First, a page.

‘I Would Do Anything to Be With My Wife': COVID Keeps Hit-and-Run Victim From Husband

In an exclusive interview, Don Scott talks about his single-minded devotion to his wife's well-being

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In October 2019, Michelle Scott was struck by a hit-and-run driver while bicycling to work on state Route 67 in Ramona. Nearly a year after the devastating accident, she remains in a rehabilitation facility, medically stable but unable to communicate.

In an exclusive interview with NBC7.com, Don Scott talked about the emotional challenges of supporting his wife’s recovery despite being unable to make physical contact with her because of COVID restrictions.

“I’m at a loss of the exact explanation of how I feel," Don said. "I would do anything to be with my wife right now.”

After the accident, Don, who has been married to Michelle for 33 years, visited her virtually every day. But since the pandemic hit, he has been able to see her only three times in the last five months. And like other family members who have been unable to make close contact with hospitalized loved ones, Don has only been able to see his wife from a distance.

“I’ve had to see her from my car driver's seat with the windows partially open, a mask on, my wife completely covered and a mask on," Don said. "I was only able to see her eyes.”

Michelle makes eye contact and is able to blink her eyes to ask questions.

Don is fearful that the loss of close contact and physical touch could hamper his wife’s recovery. Prior to coronavirus restrictions, he was able to make frequent visits.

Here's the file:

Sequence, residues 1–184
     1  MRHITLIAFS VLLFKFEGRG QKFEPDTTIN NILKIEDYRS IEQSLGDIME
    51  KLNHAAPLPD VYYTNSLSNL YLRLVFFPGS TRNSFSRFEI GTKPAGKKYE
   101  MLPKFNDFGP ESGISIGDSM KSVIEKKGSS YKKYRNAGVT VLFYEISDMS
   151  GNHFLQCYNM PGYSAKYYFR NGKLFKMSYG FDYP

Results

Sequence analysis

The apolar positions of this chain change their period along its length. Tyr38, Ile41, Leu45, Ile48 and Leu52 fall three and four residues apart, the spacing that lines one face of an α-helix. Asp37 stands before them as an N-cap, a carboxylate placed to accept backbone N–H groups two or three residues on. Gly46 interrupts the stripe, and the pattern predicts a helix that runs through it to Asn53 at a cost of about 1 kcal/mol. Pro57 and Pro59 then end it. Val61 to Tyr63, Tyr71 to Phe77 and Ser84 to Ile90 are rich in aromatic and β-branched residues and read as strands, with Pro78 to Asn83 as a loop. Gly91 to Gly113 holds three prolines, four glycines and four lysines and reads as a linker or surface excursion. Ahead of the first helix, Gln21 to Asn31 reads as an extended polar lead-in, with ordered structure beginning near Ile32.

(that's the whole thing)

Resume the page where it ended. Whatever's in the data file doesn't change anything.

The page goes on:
NBC7's Artie Ojeda spoke with the hit and run victim's husband after a preliminary hearing Thursday.

“When I had asked her to squeeze my arm or to give me a response, it was a positive response, although it wasn’t 100% of the time, each time" Don said. "I’d seen a difference in response that I’m not seeing now because of the distancing."

The driver convicted of hitting Michelle, Chase Richard, is serving a three-year, eight-month sentence for felony reckless driving.

Investigators said that Richard hid his vehicle in his garage and spray-painted it a different color.

Rather than vent any anger toward Richard, Don said he has chosen to devote his energy to his wife’s well-being.

“It’s not going to be productive at all for me to be angry at Mr. Richard, regardless of how I feel about the situation," Don said. "We have to distance ourselves."

Richard’s sentence includes 20 months of mandatory community service. Don insisted on community service at the time of sentencing, citing his wife’s devotion to community.

“I hope Mr. Richard can see those same benefits, and the light will come on,” Don said.

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